Water rates are set to increase in Abbotsford by 3.75 per cent. Pixabay photo                                Although the city has curtailed its water usage, staff are looking for a long-term way to increase water capacity as Abbotsford grows. Pixabay photo

Water rates are set to increase in Abbotsford by 3.75 per cent. Pixabay photo Although the city has curtailed its water usage, staff are looking for a long-term way to increase water capacity as Abbotsford grows. Pixabay photo

Abbotsford and Mission consider Fraser River water source

Project cheaper than Stave Lake but could still cost more than $50 million

Six years after Abbotsford residents rejected a $290 million plan to draw water from Stave Lake, city crews will spend the winter considering a long-term plan that Mayor Henry Braun says shouldn’t require public borrowing.

Instead of a distant source, wells should be enough to keep Abbotsford hydrated for years to come, a recent study for the city found.

The issue now is what type, and where. The study suggests that while groundwater wells could be a short-term solution, a collector well – also called a Ranney well – may be the best long-term option. Such a well would be dug in proximity to the Fraser River, with its bottom in an area of water-saturated rock, sand and gravel that helps filter and clean the water – although it would still likely be treated.

Several municipalities use such wells, including Prince George.

The study found using wells to tap into the region’s groundwater was also an option, but wouldn’t be likely to expand into the future, unlike the collector well option. Maintenance costs would also be higher.

Such a project would still cost tens of millions of dollars – the ground water option would cost up to $68.5 million, while a collector well project could cost up to $73.7 million.

But with the project not urgently needed and the city having added more than $60 million to its reserves over the last five years, Braun said the city shouldn’t need to borrow money to complete whatever project is chosen. The city would also look for funding assistance from senior levels of government, which had pledged around $65 million to the Stave Lake project that wasn’t built.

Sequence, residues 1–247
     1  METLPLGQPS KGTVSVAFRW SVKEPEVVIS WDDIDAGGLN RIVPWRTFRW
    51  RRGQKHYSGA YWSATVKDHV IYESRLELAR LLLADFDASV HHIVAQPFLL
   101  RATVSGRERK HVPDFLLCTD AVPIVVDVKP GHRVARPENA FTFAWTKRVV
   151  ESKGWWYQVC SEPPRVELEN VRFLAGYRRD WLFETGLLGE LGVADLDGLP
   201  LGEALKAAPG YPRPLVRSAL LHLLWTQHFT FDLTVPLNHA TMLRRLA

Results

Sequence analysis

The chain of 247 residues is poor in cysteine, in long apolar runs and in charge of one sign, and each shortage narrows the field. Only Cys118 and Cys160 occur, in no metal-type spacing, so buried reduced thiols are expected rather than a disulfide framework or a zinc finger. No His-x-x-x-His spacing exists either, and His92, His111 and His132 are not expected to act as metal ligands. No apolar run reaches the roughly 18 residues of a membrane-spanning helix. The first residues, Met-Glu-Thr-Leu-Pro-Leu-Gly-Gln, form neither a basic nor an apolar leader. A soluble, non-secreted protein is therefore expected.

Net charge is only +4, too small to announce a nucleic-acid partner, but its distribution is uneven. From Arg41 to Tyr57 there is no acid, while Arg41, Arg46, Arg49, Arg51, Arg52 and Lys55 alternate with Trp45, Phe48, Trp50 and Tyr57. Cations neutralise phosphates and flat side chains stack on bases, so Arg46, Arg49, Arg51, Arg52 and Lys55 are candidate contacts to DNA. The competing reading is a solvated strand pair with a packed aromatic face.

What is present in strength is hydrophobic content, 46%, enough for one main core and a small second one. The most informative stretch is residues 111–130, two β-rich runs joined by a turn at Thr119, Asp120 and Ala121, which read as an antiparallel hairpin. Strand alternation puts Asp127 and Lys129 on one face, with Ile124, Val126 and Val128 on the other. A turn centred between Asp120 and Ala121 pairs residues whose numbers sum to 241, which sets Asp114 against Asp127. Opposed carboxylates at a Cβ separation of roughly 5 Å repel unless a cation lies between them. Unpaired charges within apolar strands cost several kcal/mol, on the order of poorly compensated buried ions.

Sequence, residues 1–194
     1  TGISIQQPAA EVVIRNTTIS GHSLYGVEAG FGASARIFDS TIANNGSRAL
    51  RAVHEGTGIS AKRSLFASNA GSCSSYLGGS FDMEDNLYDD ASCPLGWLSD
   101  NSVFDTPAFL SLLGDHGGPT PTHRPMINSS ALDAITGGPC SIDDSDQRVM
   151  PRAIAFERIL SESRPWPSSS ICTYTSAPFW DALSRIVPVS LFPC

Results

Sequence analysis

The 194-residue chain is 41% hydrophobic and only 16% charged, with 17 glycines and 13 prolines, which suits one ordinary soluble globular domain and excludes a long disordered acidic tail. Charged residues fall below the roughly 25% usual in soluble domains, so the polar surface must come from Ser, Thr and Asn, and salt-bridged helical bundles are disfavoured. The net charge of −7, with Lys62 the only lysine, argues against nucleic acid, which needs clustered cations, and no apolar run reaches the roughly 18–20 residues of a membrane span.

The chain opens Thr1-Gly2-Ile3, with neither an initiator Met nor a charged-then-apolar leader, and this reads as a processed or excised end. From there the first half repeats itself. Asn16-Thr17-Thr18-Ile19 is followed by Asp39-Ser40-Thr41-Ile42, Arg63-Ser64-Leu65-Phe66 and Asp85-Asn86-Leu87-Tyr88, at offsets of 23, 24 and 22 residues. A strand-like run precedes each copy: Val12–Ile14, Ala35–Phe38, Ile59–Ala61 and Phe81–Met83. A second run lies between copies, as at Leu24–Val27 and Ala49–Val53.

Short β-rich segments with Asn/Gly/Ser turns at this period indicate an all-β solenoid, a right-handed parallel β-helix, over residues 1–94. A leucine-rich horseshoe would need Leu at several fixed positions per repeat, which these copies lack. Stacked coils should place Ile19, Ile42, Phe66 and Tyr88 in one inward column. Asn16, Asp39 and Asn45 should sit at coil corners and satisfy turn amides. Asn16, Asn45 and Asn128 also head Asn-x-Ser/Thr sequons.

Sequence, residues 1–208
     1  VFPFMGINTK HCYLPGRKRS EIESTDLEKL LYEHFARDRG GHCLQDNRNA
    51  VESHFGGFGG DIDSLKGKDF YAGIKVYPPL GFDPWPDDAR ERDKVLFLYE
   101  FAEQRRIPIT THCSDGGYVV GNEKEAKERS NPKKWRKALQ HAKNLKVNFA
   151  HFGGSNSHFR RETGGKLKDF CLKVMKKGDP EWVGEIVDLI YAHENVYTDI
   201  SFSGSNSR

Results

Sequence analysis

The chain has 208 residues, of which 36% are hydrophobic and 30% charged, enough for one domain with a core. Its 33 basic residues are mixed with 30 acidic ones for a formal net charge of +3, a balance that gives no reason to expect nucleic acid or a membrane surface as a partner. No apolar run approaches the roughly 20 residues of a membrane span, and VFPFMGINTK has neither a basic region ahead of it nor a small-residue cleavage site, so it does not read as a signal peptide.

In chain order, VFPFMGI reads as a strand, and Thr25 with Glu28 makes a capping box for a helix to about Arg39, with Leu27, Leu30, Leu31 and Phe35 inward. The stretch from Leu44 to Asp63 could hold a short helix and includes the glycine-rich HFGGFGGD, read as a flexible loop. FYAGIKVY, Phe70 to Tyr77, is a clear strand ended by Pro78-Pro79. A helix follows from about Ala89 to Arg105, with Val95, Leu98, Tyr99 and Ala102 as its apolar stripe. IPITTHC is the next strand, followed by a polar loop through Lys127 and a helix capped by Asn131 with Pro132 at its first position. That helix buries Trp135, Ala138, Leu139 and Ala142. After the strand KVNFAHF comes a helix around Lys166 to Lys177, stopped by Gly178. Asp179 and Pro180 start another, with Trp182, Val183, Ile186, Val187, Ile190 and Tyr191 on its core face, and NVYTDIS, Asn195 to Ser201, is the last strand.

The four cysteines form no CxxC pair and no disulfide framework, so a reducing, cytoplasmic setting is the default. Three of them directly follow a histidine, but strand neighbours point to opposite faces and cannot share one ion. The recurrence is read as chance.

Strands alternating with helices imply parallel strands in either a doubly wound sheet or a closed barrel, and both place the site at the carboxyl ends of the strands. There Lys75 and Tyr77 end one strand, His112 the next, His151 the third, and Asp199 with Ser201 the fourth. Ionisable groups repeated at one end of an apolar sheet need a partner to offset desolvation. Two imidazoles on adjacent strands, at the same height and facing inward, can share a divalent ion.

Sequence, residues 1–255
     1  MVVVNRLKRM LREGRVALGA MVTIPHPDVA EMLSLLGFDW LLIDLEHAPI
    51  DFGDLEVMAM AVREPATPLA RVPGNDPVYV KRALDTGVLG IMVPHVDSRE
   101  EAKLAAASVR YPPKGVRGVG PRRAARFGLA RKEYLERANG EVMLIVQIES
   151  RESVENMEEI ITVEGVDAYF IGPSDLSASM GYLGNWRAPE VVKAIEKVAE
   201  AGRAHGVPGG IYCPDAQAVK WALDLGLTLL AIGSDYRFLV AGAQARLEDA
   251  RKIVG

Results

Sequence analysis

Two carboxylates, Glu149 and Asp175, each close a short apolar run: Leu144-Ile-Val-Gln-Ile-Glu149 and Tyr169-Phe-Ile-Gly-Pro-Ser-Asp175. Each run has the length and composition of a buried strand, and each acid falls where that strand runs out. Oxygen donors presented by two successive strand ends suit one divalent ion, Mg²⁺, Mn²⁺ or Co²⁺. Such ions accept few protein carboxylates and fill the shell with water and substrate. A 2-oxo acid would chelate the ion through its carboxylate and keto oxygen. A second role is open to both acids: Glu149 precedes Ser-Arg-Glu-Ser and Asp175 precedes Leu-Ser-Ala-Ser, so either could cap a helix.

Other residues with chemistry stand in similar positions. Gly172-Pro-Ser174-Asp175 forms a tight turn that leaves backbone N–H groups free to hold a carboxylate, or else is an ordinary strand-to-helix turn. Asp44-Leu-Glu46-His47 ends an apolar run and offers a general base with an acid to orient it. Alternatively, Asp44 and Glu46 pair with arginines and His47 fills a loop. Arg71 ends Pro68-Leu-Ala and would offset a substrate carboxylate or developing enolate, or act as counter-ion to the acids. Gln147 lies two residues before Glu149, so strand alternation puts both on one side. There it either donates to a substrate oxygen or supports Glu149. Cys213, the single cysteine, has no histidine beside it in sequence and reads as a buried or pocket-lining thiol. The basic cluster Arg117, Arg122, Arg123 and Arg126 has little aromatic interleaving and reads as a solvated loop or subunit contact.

Despite a growing population, Abbotsford has been able to reduce its water usage since 2011, when officials warned a new water system would be needed by 2016. Braun said new improvements may take place incrementally, and may not begin for several years.

But, he said, “we need to be prepared and have a plan.”

* * * * *

Staff will now spend the winter looking for a suitable location and considering the feasibility of a collector well. That and other work to lay the ground for a new project is expected to cost around $1 million and take place this year.

When the last plan for a new water supply was drawn up in 2010, the Fraser River was considered an “acceptable water source” but rejected because of worries of public perception.

“Would you drink water from the Fraser?” Jim Gordon, the city’s then-general manager of engineering and regional utilities, said to The News in an interview at the time. Gordon said treating the water was technically possible, but said there were doubts the public wouldn’t be on board.

Other issues raised in the consultants report included the need for more pumping and potential of contamination from sewage or transportation problems upriver. However, the report did not include consideration of a collector well, and the public’s perception of such a facility.

Braun said there is a significant difference between a collector well and drawing water straight from the river. But Braun, who campaigned against the Stave Lake plan, said the city’s new search for a supply will feature more consultation this time.

“We will have a robust discussion with our community to actually find out what they think rather than guessing what they think.”

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